Monash University, Sunway Campus (MALAYSIA)
About this paper:
Appears in: INTED2012 Proceedings
Publication year: 2012
Pages: 3246-3255
ISBN: 978-84-615-5563-5
ISSN: 2340-1079
Conference name: 6th International Technology, Education and Development Conference
Dates: 5-7 March, 2012
Location: Valencia, Spain
Clickers or Classroom/Audience response systems (CRS) are handheld electronic devices used to elicit anonymous student responses to questions using electronic on-screen presentations wherein the results of students' responses are also immediately displayed thus giving immediate feedback. However, it is the pedagogy rather than the CRS technology that is important. CRS is a valid and effective tool for evaluation of learning, and has good predictive value, usability and benefits in a curriculum focused on interaction.

With ever increasing enrolment in professional courses like medicine in the Asia pacific, the constraint of adequate student-teacher ratio poses a challenge to ensure that all students within a large cohort achieve the learning outcomes and competencies in practical skills. To overcome this, this study proposes the use of CRS within a practical lab based setting. CRS use in Practical/skills based based curriculum (except in Physics) has not been studied extensively. Their efficacy, however, depends strongly on the quality of the questions used. CRS question should have an explicit pedagogic purpose consisting of a content goal, a process goal, and a metacognitive goal. Questions can be designed with the objective of directing students' attention, stimulating specific cognitive processes, communicating feedback both to instructor and students, facilitating the articulation and confrontation of ideas and measuring learning outcomes in achieving competence in practical skills.This study is based on the framework of Bloom’s taxonomy to target questions to various cognitive levels.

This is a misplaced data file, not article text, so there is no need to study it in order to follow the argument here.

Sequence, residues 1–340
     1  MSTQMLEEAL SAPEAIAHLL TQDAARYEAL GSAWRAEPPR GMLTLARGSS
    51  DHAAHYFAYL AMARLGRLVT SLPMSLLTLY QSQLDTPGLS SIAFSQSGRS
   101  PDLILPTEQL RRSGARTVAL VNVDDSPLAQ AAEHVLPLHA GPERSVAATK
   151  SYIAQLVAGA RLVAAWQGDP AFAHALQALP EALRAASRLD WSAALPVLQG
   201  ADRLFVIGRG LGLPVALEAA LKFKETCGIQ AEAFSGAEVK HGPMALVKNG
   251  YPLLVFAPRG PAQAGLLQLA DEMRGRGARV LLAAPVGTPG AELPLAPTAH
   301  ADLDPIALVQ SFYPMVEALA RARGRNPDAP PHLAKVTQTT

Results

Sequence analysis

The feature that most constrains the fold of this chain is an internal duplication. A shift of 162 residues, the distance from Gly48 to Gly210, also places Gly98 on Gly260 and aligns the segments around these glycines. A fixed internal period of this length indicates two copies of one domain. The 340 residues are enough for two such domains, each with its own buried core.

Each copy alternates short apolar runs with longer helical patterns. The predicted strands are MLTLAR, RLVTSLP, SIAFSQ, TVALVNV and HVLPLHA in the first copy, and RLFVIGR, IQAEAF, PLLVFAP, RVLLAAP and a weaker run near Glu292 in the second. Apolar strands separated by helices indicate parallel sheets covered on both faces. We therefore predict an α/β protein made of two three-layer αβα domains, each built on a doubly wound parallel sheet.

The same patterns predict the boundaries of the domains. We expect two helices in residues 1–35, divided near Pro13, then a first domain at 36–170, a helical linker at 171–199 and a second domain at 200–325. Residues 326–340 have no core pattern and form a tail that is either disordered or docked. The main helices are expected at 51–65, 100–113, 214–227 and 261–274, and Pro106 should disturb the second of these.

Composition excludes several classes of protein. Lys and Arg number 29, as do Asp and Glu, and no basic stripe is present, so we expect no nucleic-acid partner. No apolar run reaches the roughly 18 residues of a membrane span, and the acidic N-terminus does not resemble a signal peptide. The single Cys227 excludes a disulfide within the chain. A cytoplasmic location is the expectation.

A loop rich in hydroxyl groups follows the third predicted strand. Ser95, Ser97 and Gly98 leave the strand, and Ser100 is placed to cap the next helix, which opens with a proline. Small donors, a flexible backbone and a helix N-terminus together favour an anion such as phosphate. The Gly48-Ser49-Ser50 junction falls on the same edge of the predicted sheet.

To elicit feasible ways in designing CRS questions in practical/ skills based learning that can assess and stimulate higher cognitive levels of application, analysis, synthesis and evaluation as well as in the psychomotor domain.

Principles of a good CRS questions were presented as preset questions in a semi structured interview with a snowball sample of experienced Clinical anatomy practical tutors. Views on the best ways to convert traditional text/picture/photo/video/case based Clinical Anatomy questions into CRS questions that aid active learning were elicited.Using a grounded theory approach, the transcript of interviews were analyzed through content analyses in terms of their nature, range and frequency (quantitative) with illustrations drawn from examples (qualitative) of good CRS questions.

In answering the research question of what the principles and feasible ways to design effective CRS questions to improve learning outcomes of a active learning environment in health sciences could be, this study, came up with the common agreed principles, feasibility, and examples of content of higher order CRS. It also created the much needed awareness amongst experienced Clinical Anatomy teachers regarding the ways to enhance effectiveness of CRS as a tool for engaging students in active learning in a Practical lab setting. CONCLUSION: CRS questions that aids active learning in Practical lab needs thorough and in-depth design that is different from traditional CRS questions in a lecture setting. This study highlights the need to design CRS questions that target higher order psychomotor and cognitive processes and recommends developing a question bank for its widespread use in medical education.
Classroom Response System, Design of Questions, Technology Enhanced, Practical learning, Active Learning.